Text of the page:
As the only pet blood bank charity in the UK, it holds regular blood collection sessions across the country – 164 of them last year. Blood is then taken to its Loughborough processing centre, separated into red blood cells and plasma (the straw-coloured liquid carrying proteins) and then supplied to veterinary practices all over the country. Large animals make the best donors, and Pet Blood Bank UK has just notched up its 3,000th doggy donor. Dog blood donors? To some it’s still a novel idea. The process is painless and simple, yet the impact it has is immense: every unit collected can help save up to four dogs’ lives.
The idea for a UK pet blood bank came from across the Atlantic. Wendy Barnett, head of clinical and professional services and co-founder of PBBuk, visited six blood banks in the USA. ‘They’ve been blood-banking for more than 20 years, so a lot of our information has come from them,’ she explains.
As blood brothers go, a Great Dane called Shiloh and a Golden Retriever named Brook are an unlikely pair. Yet these two handsome chaps, who live 100 miles apart, have a unique bond: without Brook’s blood donation earlier this year, seven-year-old Shiloh might well have died.
Shiloh’s owner, Bill Bowler, explains: ‘Last winter, I’d bought a large tub of fat balls to feed the birds. It was the kind of plastic container that anyone would struggle to open and I stored it in what I thought was a safe place in the garage. Somehow Shiloh managed to rip it apart and devoured most of the contents.’
Bill, a vet with 26 years’ experience, recalls that Shiloh developed gastric dilatationvolvulus (GDV), a life-threatening condition in which the stomach fills with gas and twists over. That evening, Bill performed a three-and-a-half-hour operation on his dog. ‘It ended around 2am, and by 7am I thought I’d better go home,’ he says. ‘At that point, I really thought he was going to die.’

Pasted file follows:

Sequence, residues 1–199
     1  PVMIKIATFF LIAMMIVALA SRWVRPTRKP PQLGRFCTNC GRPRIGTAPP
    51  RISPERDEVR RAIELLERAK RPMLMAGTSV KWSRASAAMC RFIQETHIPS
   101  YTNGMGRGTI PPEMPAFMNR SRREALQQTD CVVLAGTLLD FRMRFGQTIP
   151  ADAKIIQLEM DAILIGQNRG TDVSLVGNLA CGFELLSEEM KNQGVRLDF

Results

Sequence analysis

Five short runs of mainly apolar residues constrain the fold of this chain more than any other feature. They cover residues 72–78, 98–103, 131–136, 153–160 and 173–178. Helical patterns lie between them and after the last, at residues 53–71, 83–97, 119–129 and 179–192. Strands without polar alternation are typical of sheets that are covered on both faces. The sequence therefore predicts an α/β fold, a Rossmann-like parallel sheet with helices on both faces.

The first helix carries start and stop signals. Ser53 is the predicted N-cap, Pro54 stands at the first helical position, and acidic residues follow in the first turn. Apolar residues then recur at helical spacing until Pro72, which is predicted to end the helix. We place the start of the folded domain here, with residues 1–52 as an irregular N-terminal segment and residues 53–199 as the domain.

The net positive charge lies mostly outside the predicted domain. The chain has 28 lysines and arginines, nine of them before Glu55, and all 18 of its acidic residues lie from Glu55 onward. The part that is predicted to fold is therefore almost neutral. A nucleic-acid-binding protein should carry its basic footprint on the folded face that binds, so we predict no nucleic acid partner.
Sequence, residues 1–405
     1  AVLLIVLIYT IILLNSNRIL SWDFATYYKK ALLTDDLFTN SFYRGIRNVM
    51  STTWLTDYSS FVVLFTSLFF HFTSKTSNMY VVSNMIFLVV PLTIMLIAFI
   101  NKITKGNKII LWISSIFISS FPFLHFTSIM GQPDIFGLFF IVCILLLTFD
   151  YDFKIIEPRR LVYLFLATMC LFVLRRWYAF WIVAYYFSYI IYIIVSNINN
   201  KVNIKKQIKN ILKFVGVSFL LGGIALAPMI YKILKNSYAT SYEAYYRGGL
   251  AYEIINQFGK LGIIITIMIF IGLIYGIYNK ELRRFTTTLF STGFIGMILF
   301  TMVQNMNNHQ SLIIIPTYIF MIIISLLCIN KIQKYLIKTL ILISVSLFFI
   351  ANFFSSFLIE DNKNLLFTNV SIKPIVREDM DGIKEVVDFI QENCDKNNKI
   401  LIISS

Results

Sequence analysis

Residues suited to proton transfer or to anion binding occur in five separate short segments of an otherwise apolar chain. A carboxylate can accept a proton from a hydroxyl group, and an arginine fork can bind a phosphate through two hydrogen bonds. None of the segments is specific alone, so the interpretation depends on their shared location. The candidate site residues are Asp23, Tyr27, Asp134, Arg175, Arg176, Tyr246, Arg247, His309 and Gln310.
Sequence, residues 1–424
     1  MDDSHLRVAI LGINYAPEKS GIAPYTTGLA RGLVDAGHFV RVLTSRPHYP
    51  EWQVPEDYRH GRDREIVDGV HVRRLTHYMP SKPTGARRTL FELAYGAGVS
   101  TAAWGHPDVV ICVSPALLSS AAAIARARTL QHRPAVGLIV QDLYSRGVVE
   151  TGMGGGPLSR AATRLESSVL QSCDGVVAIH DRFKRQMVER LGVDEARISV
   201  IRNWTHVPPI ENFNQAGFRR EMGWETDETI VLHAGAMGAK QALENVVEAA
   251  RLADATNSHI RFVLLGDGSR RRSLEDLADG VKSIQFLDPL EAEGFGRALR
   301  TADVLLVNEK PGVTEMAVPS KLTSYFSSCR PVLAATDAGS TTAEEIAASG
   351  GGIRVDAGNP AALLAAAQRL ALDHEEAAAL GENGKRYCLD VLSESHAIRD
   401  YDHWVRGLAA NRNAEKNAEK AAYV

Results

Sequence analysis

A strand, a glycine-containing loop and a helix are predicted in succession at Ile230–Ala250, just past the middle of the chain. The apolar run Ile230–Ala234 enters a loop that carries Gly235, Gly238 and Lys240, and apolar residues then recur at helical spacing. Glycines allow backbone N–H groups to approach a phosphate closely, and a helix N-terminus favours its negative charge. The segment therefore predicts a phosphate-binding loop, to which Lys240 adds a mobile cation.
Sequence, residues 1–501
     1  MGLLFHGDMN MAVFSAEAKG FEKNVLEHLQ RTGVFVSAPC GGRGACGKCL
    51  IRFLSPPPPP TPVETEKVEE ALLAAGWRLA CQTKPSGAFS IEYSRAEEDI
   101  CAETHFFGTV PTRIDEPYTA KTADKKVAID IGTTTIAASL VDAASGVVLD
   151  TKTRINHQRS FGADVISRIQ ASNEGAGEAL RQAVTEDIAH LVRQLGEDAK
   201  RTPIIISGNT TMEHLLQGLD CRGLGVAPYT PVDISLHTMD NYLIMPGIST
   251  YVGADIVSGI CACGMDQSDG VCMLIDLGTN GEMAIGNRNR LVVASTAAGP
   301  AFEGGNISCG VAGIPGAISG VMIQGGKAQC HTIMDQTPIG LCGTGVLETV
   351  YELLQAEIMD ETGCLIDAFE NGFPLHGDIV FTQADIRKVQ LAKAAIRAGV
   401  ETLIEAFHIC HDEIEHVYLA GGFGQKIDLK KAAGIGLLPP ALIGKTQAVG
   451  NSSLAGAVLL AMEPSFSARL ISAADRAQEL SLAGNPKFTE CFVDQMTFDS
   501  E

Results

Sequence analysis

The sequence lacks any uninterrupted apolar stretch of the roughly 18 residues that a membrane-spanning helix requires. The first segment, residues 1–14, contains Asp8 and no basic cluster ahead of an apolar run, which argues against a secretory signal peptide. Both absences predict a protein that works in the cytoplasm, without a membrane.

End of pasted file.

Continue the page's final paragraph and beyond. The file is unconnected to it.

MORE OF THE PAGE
After appearing to rally briefly, Shiloh’s heartbeat became erratic and a blood test confirmed that he was anaemic. ‘I suspected diffuse intravascular coagulation [where small blood clots form inside the blood vessels around the body] and, at this point, contacted the Pet Blood Bank,’ says Bill. ‘Shiloh received two bags of plasma and two of blood cells. The transfusion stabilised him, and after that, he gradually recovered. I think giving him [another dog’s] blood, with clotting factors and red blood cells, made a big difference.’
As more vets become aware that PBBuk supplies blood components, demand is increasing – to date, the bank has provided blood products to more than 460 veterinary practices in Britain. ‘This was the first time I’d used the Pet Blood Bank,’ says Bill. ‘I was very impressed. I’d recommend it; they were unintimidating, helpful and made the process straightforward. As a vet, I’d say to owners, if you have a dog that is eligible to give blood, what could be better than to give another dog a chance?’
The sentiment is shared by Amy Saunders, owner of five-year-old Brook, one of the PBBuk donors who helped to save Shiloh. Amy, a retired nurse and midwife, says: ‘It’s a gift of life to an animal that might otherwise die – and one day that could be your animal.’